Variable Neighborhood SearchVariable Neighborhood Search, VNS. TaxonomyVariable Neighborhood Search is a Metaheuristic and a Global Optimization technique that manages a Local Search technique. It is related to the Iterative Local Search algorithm. StrategyThe strategy for the Variable Neighborhood Search involves iterative exploration of larger and larger neighborhoods for a given local optima until an improvement is located after which time the search across expanding neighborhoods is repeated. The strategy is motivated by three principles: 1) a local minimum for one neighborhood structure may not be a local minimum for a different neighborhood structure, 2) a global minimum is a local minimum for all possible neighborhood structures, and 3) local minima are relatively close to global minima for many problem classes. Procedure
Algorithm (below) provides a pseudocode listing of the Variable Neighborhood Search algorithm for minimizing a cost function.
The Pseudocode shows that the systematic search of expanding neighborhoods for a local optimum is abandoned when a global improvement is achieved (shown with the Input :
Neighborhoods
Output :
$S_{best}$
$S_{best}$ $\leftarrow$ RandomSolution ()While ($\neg$ StopCondition ())For ($Neighborhood_{i}$ $\in$ Neighborhoods )$Neighborhood_{curr}$ $\leftarrow$ CalculateNeighborhood ($S_{best}$, $Neighborhood_{i}$)$S_{candidate}$ $\leftarrow$ RandomSolutionInNeighborhood ($Neighborhood_{curr}$)$S_{candidate}$ $\leftarrow$ LocalSearch ($S_{candidate}$)If (Cost ($S_{candidate}$) < Cost ($S_{best}$))$S_{best}$ $\leftarrow$ $S_{candidate}$ Break End End End Return ($S_{best}$)Heuristics
Code ListingListing (below) provides an example of the Variable Neighborhood Search algorithm implemented in the Ruby Programming Language. The algorithm is applied to the Berlin52 instance of the Traveling Salesman Problem (TSP), taken from the TSPLIB. The problem seeks a permutation of the order to visit cities (called a tour) that minimizes the total distance traveled. The optimal tour distance for Berlin52 instance is 7542 units. The Variable Neighborhood Search uses a stochastic 2opt procedure as the embedded local search. The procedure deletes two edges and reverses the sequence inbetween the deleted edges, potentially removing 'twists' in the tour. The neighborhood structure used in the search is the number of times the 2opt procedure is performed on a permutation, between 1 and 20 times. The stopping condition for the local search procedure is a maximum number of iterations without improvement. The same stop condition is employed by the higherorder Variable Neighborhood Search procedure, although with a lower boundary on the number of nonimproving iterations. def euc_2d(c1, c2) Math.sqrt((c1[0]  c2[0])**2.0 + (c1[1]  c2[1])**2.0).round end def cost(perm, cities) distance =0 perm.each_with_index do c1, i c2 = (i==perm.size1) ? perm[0] : perm[i+1] distance += euc_2d(cities[c1], cities[c2]) end return distance end def random_permutation(cities) perm = Array.new(cities.size){i i} perm.each_index do i r = rand(perm.sizei) + i perm[r], perm[i] = perm[i], perm[r] end return perm end def stochastic_two_opt!(perm) c1, c2 = rand(perm.size), rand(perm.size) exclude = [c1] exclude << ((c1==0) ? perm.size1 : c11) exclude << ((c1==perm.size1) ? 0 : c1+1) c2 = rand(perm.size) while exclude.include?(c2) c1, c2 = c2, c1 if c2 < c1 perm[c1...c2] = perm[c1...c2].reverse return perm end def local_search(best, cities, max_no_improv, neighborhood) count = 0 begin candidate = {} candidate[:vector] = Array.new(best[:vector]) neighborhood.times{stochastic_two_opt!(candidate[:vector])} candidate[:cost] = cost(candidate[:vector], cities) if candidate[:cost] < best[:cost] count, best = 0, candidate else count += 1 end end until count >= max_no_improv return best end def search(cities, neighborhoods, max_no_improv, max_no_improv_ls) best = {} best[:vector] = random_permutation(cities) best[:cost] = cost(best[:vector], cities) iter, count = 0, 0 begin neighborhoods.each do neigh candidate = {} candidate[:vector] = Array.new(best[:vector]) neigh.times{stochastic_two_opt!(candidate[:vector])} candidate[:cost] = cost(candidate[:vector], cities) candidate = local_search(candidate, cities, max_no_improv_ls, neigh) puts " > iteration #{(iter+1)}, neigh=#{neigh}, best=#{best[:cost]}" iter += 1 if(candidate[:cost] < best[:cost]) best, count = candidate, 0 puts "New best, restarting neighborhood search." break else count += 1 end end end until count >= max_no_improv return best end if __FILE__ == $0 # problem configuration berlin52 = [[565,575],[25,185],[345,750],[945,685],[845,655], [880,660],[25,230],[525,1000],[580,1175],[650,1130],[1605,620], [1220,580],[1465,200],[1530,5],[845,680],[725,370],[145,665], [415,635],[510,875],[560,365],[300,465],[520,585],[480,415], [835,625],[975,580],[1215,245],[1320,315],[1250,400],[660,180], [410,250],[420,555],[575,665],[1150,1160],[700,580],[685,595], [685,610],[770,610],[795,645],[720,635],[760,650],[475,960], [95,260],[875,920],[700,500],[555,815],[830,485],[1170,65], [830,610],[605,625],[595,360],[1340,725],[1740,245]] # algorithm configuration max_no_improv = 50 max_no_improv_ls = 70 neighborhoods = 1...20 # execute the algorithm best = search(berlin52, neighborhoods, max_no_improv, max_no_improv_ls) puts "Done. Best Solution: c=#{best[:cost]}, v=#{best[:vector].inspect}" end Download: variable_neighborhood_search.rb.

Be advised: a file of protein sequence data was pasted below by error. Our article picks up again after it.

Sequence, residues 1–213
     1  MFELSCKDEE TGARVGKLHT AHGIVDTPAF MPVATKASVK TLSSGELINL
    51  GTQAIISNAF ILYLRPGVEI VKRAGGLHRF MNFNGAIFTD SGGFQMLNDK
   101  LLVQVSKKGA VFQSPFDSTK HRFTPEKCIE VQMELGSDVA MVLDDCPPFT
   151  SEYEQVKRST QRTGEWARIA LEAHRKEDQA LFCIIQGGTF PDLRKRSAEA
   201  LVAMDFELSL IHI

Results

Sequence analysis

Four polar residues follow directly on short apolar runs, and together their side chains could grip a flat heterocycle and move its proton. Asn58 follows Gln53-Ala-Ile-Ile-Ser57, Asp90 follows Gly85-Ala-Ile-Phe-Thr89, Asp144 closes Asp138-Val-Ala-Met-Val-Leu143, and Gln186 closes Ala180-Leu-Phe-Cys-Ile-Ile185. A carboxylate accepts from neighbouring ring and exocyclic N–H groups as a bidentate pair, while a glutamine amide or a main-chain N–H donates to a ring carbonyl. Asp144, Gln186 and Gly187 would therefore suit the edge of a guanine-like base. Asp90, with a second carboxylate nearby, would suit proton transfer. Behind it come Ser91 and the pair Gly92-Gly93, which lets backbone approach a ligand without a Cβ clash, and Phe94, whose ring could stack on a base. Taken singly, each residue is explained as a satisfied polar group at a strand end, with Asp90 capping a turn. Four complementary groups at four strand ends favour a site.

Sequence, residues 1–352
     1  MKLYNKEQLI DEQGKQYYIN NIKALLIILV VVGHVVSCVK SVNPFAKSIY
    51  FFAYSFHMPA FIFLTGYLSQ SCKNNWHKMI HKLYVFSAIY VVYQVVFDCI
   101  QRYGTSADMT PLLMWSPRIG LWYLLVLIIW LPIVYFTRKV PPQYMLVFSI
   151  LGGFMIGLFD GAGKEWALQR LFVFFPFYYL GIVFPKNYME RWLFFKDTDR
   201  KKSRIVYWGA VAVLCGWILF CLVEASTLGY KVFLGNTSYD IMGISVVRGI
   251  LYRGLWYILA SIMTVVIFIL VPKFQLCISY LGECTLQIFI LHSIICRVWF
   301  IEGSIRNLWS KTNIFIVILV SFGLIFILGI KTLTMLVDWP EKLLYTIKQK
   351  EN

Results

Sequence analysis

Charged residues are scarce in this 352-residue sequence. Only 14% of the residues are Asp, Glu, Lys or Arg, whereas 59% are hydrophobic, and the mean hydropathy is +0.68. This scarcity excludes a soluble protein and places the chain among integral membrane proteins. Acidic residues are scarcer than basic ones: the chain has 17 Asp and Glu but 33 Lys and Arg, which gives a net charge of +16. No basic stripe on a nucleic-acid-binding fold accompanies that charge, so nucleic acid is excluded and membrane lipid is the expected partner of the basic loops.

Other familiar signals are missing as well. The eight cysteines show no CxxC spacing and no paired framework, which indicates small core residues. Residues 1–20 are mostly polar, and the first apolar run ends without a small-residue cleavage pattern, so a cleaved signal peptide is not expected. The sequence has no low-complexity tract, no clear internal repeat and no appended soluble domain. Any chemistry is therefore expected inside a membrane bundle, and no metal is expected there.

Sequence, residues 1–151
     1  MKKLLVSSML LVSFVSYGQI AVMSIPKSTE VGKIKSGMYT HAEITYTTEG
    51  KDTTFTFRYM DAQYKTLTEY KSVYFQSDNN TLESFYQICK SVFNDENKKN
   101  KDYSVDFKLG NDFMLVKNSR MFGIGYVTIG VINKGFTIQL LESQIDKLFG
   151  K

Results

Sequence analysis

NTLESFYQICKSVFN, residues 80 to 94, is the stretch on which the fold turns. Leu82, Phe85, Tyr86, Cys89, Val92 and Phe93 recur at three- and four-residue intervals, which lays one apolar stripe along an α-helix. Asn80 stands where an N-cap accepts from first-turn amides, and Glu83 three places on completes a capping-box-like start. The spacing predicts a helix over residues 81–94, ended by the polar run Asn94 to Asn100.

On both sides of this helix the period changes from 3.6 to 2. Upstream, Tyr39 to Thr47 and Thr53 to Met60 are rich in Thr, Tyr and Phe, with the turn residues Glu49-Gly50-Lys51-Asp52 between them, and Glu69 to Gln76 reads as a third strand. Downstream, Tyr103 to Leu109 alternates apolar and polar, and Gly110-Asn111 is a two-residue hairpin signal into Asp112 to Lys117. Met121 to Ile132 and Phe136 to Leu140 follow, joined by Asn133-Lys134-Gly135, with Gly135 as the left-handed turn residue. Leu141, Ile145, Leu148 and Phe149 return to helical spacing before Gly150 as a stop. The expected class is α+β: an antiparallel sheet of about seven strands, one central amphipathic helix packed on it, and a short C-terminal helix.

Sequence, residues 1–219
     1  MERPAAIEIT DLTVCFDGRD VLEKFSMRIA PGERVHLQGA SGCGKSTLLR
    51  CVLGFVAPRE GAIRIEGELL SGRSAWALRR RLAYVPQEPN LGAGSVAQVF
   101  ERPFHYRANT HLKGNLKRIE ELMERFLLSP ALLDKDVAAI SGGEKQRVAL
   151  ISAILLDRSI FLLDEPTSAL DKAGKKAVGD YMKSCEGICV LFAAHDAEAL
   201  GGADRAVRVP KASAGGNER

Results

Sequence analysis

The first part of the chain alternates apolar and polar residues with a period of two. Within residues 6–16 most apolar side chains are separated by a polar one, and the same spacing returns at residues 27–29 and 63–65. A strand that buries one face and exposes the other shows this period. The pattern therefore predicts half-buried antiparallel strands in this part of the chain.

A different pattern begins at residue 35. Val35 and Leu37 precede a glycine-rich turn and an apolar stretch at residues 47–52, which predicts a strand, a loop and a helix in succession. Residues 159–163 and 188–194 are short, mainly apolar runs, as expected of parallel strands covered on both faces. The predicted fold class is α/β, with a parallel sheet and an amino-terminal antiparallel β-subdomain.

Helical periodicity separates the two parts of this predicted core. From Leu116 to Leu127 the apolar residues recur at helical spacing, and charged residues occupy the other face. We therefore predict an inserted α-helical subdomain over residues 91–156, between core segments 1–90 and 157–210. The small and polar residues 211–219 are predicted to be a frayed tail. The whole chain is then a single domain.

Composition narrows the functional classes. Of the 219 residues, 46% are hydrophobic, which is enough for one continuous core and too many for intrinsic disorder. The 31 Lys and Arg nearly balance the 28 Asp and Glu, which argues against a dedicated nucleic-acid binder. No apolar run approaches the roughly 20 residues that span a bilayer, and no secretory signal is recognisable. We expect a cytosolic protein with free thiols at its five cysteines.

ReferencesPrimary SourcesThe seminal paper for describing Variable Neighborhood Search was by Mladenovic and Hansen in 1997 [Mladenovic1997], although an early abstract by Mladenovic is sometimes cited [Mladenovic1995]. The approach is explained in terms of three different variations on the general theme. Variable Neighborhood Descent (VND) refers to the use of a Local Search procedure and the deterministic (as opposed to stochastic or probabilistic) change of neighborhood size. Reduced Variable Neighborhood Search (RVNS) involves performing a stochastic random search within a neighborhood and no refinement via a local search technique. Basic Variable Neighborhood Search is the canonical approach described by Mladenovic and Hansen in the seminal paper. Learn MoreThere are a large number of papers published on Variable Neighborhood Search, its applications and variations. Hansen and Mladenovic provide an overview of the approach that includes its recent history, extensions and a detailed review of the numerous areas of application [Hansen2003]. For some additional useful overviews of the technique, its principles, and applications, see [Hansen1998] [Hansen2001a] [Hansen2002]. There are many extensions to Variable Neighborhood Search. Some popular examples include: Variable Neighborhood Decomposition Search (VNDS) that involves embedding a second heuristic or metaheuristic approach in VNS to replace the Local Search procedure [Hansen2001], Skewed Variable Neighborhood Search (SVNS) that encourages exploration of neighborhoods far away from discovered local optima, and Parallel Variable Neighborhood Search (PVNS) that either parallelizes the local search of a neighborhood or parallelizes the searching of the neighborhoods themselves. Bibliography